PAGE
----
When a treatment like EMDR is developed, indeed even with exposure therapy before it, the hope is that the therapy will eliminate PTSD symptoms or at least make them better, restoring a normal life. Getting away from the idea that any life is a normal life, because so few people have one, let’s consider how these treatments are handled scientifically. With the creation of the treatment, there is a sudden rush to research it. “What do we do? What do we do?” (Even I’m getting excited as I write about this.) First, you get people with PTSD. “How do we do that?” You have to get people with known traumas that are diagnosed with PTSD by their doctors. “Good idea! Let’s go.”
Here is a guy or gal who was in a bad car wreck. Thanks to modern safety devices, they survived with only minor injuries. Except for PTSD symptoms from the wreck, their lives have been almost perfect without trauma. Maybe that person smoked pot a few times while a teen, might have a couple of glasses of alcohol at the end of the day for their heart, but otherwise that person is perfect. Subject that person to a prescribed system of eye-movements and-Voilà!-a fully controlled study of an individual with an identifiable set of symptoms coming from a specific event is relieved. That is good. It is good treatment and gives us good evidence that a treatment works in specific cases.
Contrast this with combat veterans, many of whom have lived through trauma frequently, sometimes almost daily, who were sent off to war for reasons that may have been incomprehensible to them, but with faith in the purposes of the country that sent them there. Perhaps they entered the military to obtain citizenship, perhaps they came from poverty, gang-warfare at home, and perhaps they simply did it by conviction with no circumstances that might make them want to enlist other than service to their country. The point is that each of these scenarios describes a narrative that precedes the events of war and can have significant impact on their perception of their war experience or subsequent PTSD. I give you narrative! This is stuff that alters perceptions before the first bullet is stopped by the soldier’s body armor, stuff that elaborates what that bullet means and how that person will handle the experience. With this, the veteran returns and is given the latest research-based therapies that have proven successful for people with problems like yours, i.e. people with PTSD. It doesn’t matter where you come from or what you’ve been through. The research shows that it works (and besides it’s all we’ve got, so we’re giving you the best treatment available.)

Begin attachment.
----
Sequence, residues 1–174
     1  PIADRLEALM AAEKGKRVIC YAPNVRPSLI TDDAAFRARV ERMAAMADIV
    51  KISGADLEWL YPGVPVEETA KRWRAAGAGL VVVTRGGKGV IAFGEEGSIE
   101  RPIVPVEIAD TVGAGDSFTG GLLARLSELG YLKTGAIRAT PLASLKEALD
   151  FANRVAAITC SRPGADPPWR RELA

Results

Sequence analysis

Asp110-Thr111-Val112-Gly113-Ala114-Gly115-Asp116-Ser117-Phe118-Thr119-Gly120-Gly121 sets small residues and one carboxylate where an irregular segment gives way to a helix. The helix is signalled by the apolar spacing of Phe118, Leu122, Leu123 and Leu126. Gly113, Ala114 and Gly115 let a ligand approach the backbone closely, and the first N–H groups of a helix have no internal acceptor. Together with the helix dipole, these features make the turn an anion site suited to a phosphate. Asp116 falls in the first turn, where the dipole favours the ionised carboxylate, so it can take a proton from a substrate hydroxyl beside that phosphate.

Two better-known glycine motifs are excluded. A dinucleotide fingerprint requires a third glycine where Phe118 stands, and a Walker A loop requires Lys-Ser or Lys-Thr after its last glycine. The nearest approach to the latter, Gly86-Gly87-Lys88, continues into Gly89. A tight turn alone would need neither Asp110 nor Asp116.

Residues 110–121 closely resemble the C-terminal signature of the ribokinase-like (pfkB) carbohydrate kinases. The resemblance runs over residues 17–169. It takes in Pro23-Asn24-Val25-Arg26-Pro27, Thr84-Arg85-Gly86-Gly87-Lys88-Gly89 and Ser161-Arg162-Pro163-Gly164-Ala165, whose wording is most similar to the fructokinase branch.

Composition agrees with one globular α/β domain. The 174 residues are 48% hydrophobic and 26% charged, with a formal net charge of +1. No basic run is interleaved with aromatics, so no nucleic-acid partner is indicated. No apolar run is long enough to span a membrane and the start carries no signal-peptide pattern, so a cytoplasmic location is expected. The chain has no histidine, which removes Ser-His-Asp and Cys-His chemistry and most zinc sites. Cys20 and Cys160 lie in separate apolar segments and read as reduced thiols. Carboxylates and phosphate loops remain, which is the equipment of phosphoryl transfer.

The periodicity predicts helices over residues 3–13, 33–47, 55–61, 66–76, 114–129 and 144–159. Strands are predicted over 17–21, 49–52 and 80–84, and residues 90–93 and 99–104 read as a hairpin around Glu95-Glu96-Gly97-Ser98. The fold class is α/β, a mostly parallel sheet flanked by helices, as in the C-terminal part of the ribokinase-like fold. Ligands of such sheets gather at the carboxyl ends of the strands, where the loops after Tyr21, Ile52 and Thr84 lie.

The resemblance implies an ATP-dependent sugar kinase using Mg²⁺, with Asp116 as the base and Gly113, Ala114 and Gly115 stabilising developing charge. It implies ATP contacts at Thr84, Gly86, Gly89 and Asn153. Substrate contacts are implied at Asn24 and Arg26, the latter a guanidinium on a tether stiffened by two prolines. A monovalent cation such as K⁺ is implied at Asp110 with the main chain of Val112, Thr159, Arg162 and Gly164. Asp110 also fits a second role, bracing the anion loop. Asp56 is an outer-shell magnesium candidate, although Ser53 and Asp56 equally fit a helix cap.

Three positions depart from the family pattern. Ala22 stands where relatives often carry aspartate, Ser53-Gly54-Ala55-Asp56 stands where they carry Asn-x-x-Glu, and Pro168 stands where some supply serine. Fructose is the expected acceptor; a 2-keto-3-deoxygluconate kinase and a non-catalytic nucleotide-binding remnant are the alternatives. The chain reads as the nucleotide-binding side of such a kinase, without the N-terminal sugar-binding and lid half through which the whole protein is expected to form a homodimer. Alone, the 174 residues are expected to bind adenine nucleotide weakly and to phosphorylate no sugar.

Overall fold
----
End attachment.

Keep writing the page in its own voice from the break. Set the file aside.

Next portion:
For a final example, consider the woman who was brutally raped and the rapist was never caught or else was caught, but has threatened to come back and kill her or else the rape was so wanton that she would believe he would return to finish the job anyway, even without threat. What do we say? That you should rapidly move your eyes back and forth until you think of something else? That the possibility of the rapist returning is extremely low (besides he’s locked up for ten years)? Or that you repeatedly visualize an experience over which you never had any control, but this time stop it whenever you like? You could also try an anti-anxiety medication while you are doing that?
My point, of course, is that, when a new treatment is developed, to adequately test it, thorough personal histories must be taken so that researchers can know if they are really comparing apples and orange. And, if the treatment does not work for them, we can investigate further why it does not. We can’t simple line up a bunch of PTSD patients the way we do cancer patients and expect that we are researching the same phenomenon. I would expect that one size does not fit all whether with cancer or PTSD. Both have their narratives and both need to be explored. Leading one to appropriately conclude, there is good research and bad research, but we each have our own narrative that needs to be more fully addressed, a physical and mental narrative that must marry up somewhere to make a life. Include that in scientific research and the concept of research-based will have something useful for individuals with real problems.